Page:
That is no way to run the greatest country on Earth. It is a dangerous game we’ve never played before, and we can’t afford to play it now. Not when the jobs and livelihoods of so many families are at stake. We can’t allow the American people to become collateral damage to Washington’s political warfare.

Congress now has one week left to act, and there are still paths forward. The Senate has introduced a plan to avoid default, which makes a down payment on deficit reduction and ensures that we don’t have to go through this again in six months.

I think that’s a much better path, although serious deficit reduction would still require us to tackle the tough challenges of entitlement and tax reform. Either way, I have told leaders of both parties that they must come up with a fair compromise in the next few days that can pass both houses of Congress – a compromise I can sign. And I am confident we can reach this compromise. Despite our disagreements, Republican leaders and I have found common ground before. And I believe that enough members of both parties will ultimately put politics aside and help us make progress.

I realize that a lot of the new members of Congress and I don’t see eye-to-eye on many issues. But we were each elected by some of the same Americans for some of the same reasons. Yes, many want government to start living within its means. And many are fed up with a system in which the deck seems stacked against middle-class Americans in favor of the wealthiest few. But do you know what people are fed up with most of all?

They’re fed up with a town where compromise has become a dirty word. They work all day long, many of them scraping by, just to put food on the table. And when these Americans come home at night, bone-tired, and turn on the news, all they see is the same partisan three-ring circus here in Washington. They see leaders who can’t seem to come together and do what it takes to make life just a little bit better for ordinary Americans. They are offended by that. And they should be.

The American people may have voted for divided government, but they didn’t vote for a dysfunctional government. So I’m asking you all to make your voice heard. If you want a balanced approach to reducing the deficit, let your Member of Congress know. If you believe we can solve this problem through compromise, send that message.

America, after all, has always been a grand experiment in compromise. As a democracy made up of every race and religion, where every belief and point of view is welcomed, we have put to the test time and again the proposition at the heart of our founding: that out of many, we are one. We have engaged in fierce and passionate debates about the issues of the day, but from slavery to war, from civil liberties to questions of economic justice, we have tried to live by the words that Jefferson once wrote: “Every man cannot have his way in all things…Without this mutual disposition, we are disjointed individuals, but not a society.”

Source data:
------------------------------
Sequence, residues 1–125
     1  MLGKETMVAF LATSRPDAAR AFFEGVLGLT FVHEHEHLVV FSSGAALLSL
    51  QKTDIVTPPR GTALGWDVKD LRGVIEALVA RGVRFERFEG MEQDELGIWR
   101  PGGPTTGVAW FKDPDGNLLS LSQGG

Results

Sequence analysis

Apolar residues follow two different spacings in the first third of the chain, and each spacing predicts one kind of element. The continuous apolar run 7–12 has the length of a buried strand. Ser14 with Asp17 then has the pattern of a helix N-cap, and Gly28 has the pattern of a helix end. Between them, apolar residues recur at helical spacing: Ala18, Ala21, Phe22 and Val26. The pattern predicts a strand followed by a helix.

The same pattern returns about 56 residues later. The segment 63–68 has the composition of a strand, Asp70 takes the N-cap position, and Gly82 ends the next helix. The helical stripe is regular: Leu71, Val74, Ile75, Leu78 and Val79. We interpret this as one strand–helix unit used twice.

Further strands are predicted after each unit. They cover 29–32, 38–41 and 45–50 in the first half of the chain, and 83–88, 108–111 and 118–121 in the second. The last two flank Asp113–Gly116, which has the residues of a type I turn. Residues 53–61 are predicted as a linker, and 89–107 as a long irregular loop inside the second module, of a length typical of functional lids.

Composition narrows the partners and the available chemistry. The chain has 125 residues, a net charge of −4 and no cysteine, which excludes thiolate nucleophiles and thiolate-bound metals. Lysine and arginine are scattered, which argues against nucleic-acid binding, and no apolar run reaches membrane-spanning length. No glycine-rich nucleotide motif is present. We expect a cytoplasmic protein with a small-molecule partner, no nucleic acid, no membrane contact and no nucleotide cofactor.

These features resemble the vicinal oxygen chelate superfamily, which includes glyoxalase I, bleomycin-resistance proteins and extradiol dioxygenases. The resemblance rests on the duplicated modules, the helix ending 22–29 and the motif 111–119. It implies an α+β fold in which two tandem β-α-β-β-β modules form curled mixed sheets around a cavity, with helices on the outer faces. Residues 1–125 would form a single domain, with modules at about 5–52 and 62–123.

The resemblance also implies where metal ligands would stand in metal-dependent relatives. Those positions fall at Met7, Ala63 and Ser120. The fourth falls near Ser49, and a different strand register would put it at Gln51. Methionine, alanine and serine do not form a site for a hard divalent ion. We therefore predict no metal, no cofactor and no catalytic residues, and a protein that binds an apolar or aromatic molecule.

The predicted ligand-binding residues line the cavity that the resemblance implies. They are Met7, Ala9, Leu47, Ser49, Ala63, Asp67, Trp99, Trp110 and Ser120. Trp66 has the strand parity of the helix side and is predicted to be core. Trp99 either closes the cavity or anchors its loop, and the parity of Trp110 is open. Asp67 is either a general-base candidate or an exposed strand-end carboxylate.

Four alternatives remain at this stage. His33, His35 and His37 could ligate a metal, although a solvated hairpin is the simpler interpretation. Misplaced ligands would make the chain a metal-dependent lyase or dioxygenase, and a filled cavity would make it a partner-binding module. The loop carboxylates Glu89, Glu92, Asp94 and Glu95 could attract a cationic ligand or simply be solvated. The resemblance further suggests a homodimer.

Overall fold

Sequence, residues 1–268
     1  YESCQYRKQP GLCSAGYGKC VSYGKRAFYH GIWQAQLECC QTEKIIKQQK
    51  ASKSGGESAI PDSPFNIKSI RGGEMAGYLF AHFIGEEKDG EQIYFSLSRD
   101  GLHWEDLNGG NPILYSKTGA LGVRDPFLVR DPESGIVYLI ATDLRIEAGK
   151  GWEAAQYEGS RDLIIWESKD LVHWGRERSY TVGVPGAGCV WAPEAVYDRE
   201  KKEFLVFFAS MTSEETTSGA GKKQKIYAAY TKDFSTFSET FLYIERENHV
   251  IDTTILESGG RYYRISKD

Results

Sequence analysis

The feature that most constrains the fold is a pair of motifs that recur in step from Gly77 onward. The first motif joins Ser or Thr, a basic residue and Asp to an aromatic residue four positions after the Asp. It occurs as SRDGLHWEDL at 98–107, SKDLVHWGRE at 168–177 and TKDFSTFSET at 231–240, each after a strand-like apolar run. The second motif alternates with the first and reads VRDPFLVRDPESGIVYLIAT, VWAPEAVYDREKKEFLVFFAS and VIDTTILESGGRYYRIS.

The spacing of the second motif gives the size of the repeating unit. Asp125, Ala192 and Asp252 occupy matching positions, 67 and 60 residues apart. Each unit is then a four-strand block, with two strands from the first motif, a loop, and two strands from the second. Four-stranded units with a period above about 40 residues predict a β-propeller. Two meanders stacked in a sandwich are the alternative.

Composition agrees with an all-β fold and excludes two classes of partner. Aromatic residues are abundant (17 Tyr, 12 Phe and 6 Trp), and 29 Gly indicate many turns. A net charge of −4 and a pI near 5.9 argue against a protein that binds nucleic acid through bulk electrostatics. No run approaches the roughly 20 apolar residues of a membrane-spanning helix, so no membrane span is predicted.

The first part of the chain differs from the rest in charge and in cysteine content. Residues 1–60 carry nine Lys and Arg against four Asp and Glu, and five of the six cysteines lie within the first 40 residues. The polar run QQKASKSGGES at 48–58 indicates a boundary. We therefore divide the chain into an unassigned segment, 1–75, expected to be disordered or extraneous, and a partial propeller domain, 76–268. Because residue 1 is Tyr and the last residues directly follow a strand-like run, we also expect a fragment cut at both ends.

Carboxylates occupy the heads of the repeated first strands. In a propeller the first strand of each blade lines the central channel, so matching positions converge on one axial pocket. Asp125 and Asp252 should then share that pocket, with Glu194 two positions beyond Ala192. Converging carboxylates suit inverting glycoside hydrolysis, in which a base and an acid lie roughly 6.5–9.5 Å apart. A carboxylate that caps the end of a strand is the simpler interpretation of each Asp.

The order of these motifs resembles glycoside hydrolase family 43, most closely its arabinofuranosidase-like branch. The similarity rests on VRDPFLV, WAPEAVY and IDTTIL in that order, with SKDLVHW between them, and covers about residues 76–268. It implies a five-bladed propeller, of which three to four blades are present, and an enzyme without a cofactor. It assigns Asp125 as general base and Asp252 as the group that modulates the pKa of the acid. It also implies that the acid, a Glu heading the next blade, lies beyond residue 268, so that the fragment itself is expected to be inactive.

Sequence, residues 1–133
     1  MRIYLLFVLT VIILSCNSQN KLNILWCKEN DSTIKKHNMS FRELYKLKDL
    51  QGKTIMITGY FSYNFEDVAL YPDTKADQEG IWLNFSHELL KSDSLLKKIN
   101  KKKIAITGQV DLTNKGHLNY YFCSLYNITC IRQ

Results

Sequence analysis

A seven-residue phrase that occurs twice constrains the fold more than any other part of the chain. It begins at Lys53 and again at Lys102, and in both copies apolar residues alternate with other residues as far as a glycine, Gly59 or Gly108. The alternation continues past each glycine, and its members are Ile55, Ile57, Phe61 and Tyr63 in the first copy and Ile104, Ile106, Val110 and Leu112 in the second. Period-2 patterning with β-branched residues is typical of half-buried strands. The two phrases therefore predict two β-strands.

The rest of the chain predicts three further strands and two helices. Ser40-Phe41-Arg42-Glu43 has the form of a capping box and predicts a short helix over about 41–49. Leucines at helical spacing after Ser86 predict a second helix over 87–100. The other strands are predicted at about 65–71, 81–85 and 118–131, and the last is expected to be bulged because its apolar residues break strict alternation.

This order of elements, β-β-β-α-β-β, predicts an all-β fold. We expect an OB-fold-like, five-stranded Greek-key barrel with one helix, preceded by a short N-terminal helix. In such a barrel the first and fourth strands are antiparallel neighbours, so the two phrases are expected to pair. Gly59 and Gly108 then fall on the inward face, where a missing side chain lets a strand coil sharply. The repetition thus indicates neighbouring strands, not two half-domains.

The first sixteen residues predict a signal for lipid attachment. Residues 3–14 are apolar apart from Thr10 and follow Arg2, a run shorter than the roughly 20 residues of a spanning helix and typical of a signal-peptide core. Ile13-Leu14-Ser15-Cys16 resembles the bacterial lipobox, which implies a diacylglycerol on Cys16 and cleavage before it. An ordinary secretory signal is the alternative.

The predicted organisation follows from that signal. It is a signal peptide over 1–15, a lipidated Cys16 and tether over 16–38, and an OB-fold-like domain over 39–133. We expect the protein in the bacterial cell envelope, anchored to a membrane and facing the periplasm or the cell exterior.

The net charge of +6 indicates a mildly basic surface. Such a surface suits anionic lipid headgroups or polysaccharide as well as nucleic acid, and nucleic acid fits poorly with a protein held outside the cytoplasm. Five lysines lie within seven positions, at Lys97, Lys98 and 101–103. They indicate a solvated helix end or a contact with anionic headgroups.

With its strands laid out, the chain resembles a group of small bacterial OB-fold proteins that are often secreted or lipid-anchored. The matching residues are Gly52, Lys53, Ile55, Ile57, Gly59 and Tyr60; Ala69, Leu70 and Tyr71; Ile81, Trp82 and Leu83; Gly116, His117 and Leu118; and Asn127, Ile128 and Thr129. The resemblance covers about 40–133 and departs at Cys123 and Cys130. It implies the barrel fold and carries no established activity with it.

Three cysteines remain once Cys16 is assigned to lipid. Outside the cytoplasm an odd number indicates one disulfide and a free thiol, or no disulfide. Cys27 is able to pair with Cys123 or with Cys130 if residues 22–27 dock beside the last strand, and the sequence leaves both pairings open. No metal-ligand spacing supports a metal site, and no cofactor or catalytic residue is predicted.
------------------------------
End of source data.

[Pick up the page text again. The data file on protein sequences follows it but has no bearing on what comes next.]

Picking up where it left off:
History is scattered with the stories of those who held fast to rigid ideologies and refused to listen to those who disagreed. But those are not the Americans we remember. We remember the Americans who put country above self, and set personal grievances aside for the greater good. We remember the Americans who held this country together during its most difficult hours; who put aside pride and party to form a more perfect union.

That’s who we remember. That’s who we need to be right now. The entire world is watching. So let’s seize this moment to show why the United States of America is still the greatest nation on Earth – not just because we can still keep our word and meet our obligations, but because we can still come together as one nation. Thank you, God bless you, and may God bless the United States of America.

“Odds are that if there were more women in these discussions, the crisis would have been resolved by now.”

Would female leaders solve debt crisis?

By LZ Granderson, CNN Contributor  July 19, 2011 8:38 a.m. EDT

Grand Rapids, Michigan (CNN) — There have been press conferences and secret meetings.

Golf outings, walk-outings, ball-dropping and finger-pointing.

For every line a Democrat draws in the sand regarding the debt ceiling, a Republican introduces a new line of his own.